I suspect that some of the binary bytes are getting converted to UTF-8, and this is what the "u" option in the sixth argument of %WriteJSONStreamFromObject specifies.

You can try removing the "u" and see if that helps, but even if it does I believe you will find other problems because JSON isn't meant to carry raw binary data. Generally binary data is base 64 encoded when putting it in JSON.

One example of the problem with binary data is that the value of binario needs to be enclosed in quotes "". But the binary data could include a byte which is the same code as a quote, which would cause the JSON recipient to think that the value of binario has ended.

My suggestion is to base 64 encode the binary data.

You were on the right track with %WriteJSONFromObject(), but you'll want to use %WriteJSONStreamFromObject() instead. I don't see what purpose the Body property in your request class serves. You can just create a stream object variable instead.

set myTempStream=##class(%Stream.GlobalCharacter).%New()
set tSC=##class("%ZEN.Auxiliary.altJSONProvider").%WriteJSONStreamFromObject(.myTempStream, pRequest)
if $$$ISERR(tSC) {
    quit tSC

...then later:

Set tSC=..Adapter.PostURL(tURL,.tHttpResponse, , myTempStream)

A pool size of 1 is the recommendation when you need to maintain FIFO (process all messages strictly in the sequence that they arrived). Going above 1 is fine if FIFO isn't required.

Each additional pool job will result in an additional OS-level process, which adds a little bit of memory usage. How much CPU is used by each process depends on how much work the operation is doing. Essentially, changing pool size from 1 to 2 has the same resource impact as adding another identical business operation.

The max possible pool size depends on lots of factors. I would suggest starting small (2? 4?), see how that affects the queue, and increase accordingly. Having a pool size of 10, for instance, isn't likely to cause performance or resource problems unless your operation is doing something crazy. If you start getting into a pool size of dozens you might want to take a closer look with the WRC. One of your main limitations might be how many concurrent connections System A allows you to make.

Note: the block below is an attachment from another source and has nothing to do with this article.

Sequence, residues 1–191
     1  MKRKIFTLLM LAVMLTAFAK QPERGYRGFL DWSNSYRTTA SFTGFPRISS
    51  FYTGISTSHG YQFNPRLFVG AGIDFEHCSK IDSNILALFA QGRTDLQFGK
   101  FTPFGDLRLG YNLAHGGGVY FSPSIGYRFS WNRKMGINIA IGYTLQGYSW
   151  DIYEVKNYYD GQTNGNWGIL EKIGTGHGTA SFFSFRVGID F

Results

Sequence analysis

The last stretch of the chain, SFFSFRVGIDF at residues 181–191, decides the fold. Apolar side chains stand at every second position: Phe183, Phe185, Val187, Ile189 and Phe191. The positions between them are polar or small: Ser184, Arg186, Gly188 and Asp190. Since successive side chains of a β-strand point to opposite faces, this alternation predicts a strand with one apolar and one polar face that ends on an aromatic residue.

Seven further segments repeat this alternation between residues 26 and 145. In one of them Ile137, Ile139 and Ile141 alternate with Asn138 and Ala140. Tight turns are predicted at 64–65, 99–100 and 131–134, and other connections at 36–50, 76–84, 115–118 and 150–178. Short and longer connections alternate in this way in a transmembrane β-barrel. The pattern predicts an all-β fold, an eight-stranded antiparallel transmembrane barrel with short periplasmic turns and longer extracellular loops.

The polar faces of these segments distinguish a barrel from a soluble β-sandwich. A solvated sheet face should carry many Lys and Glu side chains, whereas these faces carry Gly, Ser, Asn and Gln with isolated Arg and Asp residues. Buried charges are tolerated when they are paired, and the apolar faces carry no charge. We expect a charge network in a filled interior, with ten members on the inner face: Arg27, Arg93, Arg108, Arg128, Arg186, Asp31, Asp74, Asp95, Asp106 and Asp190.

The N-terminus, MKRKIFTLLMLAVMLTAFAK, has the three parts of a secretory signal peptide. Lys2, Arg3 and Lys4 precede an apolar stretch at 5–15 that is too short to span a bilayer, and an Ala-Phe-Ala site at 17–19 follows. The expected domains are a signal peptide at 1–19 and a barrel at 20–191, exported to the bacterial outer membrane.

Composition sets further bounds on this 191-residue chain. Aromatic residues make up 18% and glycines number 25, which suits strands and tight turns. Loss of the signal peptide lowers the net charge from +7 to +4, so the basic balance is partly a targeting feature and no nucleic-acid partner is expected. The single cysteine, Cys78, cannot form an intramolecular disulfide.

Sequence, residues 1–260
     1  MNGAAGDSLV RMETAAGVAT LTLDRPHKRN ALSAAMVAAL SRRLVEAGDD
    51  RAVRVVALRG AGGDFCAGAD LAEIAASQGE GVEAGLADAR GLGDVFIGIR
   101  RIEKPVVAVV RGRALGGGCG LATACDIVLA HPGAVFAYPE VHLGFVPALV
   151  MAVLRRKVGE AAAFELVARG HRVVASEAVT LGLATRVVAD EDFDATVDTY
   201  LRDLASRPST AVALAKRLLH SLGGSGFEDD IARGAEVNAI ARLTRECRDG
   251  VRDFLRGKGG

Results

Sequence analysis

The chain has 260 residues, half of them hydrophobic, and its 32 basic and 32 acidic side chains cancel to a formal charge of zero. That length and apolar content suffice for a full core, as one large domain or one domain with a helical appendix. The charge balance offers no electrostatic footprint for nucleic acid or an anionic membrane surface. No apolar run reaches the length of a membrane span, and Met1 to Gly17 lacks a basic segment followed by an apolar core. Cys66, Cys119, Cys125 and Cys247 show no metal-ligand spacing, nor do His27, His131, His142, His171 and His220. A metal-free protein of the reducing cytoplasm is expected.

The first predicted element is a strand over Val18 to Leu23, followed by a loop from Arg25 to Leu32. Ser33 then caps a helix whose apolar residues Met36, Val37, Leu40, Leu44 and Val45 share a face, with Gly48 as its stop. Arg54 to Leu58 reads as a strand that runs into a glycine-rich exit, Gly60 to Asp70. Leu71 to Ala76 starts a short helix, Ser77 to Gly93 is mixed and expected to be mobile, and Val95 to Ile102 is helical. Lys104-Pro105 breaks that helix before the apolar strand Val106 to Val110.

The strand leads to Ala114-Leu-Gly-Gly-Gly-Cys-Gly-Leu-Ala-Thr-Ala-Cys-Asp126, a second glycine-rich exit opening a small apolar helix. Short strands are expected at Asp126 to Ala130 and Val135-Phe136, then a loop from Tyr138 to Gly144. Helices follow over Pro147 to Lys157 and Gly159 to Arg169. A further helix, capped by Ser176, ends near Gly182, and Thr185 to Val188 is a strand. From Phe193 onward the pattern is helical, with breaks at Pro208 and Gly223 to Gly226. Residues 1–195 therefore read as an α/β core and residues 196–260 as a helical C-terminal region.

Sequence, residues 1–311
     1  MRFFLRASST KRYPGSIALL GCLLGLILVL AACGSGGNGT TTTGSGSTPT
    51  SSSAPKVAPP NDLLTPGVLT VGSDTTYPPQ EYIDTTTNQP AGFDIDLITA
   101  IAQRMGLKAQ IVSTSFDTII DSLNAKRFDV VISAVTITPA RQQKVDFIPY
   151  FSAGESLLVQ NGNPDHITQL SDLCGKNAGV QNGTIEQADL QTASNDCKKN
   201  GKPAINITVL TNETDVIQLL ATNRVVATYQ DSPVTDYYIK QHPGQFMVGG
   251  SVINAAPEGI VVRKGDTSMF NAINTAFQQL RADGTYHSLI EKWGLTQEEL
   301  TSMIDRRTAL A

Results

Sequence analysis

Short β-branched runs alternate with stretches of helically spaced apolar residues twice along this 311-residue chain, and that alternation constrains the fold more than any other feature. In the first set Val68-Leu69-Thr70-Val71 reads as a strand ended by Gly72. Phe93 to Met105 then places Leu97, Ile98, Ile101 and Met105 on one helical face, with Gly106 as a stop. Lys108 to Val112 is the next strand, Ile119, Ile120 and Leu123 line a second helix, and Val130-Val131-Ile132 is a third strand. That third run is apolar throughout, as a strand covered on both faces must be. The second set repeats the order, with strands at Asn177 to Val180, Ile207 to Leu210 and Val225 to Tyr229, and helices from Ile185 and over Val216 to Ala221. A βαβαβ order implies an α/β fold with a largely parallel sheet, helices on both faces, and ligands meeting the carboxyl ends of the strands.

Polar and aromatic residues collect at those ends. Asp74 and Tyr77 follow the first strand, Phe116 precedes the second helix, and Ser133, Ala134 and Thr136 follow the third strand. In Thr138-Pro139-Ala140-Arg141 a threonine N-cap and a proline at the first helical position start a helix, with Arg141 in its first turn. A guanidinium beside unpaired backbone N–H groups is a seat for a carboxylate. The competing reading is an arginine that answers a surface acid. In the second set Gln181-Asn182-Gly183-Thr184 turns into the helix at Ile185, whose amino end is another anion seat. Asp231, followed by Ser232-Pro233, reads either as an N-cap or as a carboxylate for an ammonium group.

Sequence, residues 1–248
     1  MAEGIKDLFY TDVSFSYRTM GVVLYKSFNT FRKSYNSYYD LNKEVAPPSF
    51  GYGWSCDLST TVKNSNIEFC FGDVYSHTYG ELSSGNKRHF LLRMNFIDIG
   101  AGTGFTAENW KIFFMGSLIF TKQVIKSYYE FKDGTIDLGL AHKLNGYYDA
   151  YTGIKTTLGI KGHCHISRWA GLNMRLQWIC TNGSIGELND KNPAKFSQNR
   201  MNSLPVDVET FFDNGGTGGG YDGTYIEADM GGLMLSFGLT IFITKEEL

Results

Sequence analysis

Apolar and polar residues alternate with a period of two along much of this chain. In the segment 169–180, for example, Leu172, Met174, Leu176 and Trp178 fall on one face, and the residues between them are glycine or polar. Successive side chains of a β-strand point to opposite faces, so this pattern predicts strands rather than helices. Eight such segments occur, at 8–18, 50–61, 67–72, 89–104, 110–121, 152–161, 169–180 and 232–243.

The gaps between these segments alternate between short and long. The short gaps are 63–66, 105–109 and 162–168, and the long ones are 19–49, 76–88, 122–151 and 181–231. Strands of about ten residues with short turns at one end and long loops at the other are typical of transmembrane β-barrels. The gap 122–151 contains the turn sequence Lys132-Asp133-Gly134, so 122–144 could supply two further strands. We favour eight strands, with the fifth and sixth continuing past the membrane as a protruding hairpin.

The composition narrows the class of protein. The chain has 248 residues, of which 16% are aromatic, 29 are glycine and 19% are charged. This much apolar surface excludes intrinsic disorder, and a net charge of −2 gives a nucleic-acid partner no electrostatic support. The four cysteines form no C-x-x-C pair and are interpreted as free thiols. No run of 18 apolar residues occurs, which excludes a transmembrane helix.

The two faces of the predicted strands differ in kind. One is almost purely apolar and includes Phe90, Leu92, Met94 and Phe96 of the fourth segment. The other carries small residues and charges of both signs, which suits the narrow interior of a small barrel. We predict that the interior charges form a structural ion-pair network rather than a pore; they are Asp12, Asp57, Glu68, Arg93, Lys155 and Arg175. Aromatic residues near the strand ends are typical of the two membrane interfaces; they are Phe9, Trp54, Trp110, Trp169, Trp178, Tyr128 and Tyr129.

It looks like the ENSDEMO namespace doesn't have an example for XML v-docs.

The basic steps are:
- Import an XSD (XML schema) for the document format you need to work with:

- In your DTL, select XML as the Source Type and for Source Document Type select the schema that you just imported

- The DTL editor will use the imported schema to display a document structure that you can use to visually build your mappings

At this point you can paste into the testing tool a sample XML that follows the XSD.

If you just want to do a quick test to see how this works, you can find a simple XSD online and import that. I found this sample which includes an XSD and sample XML that follows the XSD's structure:

That's an HL7 vdoc (EnsLib.HL7.Message) and that sample is HL7 code (though with strange delimiters).

So yes, if your input message is HL7 (EnsLib.HL7.Message) then you can just paste a raw HL7 message into the testing tool.

If your input message is XML (EnsLib.EDI.XML.Document) then you can just paste raw XML into the testing tool.

If your input message is an EnsLib.EDI.XML.Document and the message content is HL7 there's going to be a problem :)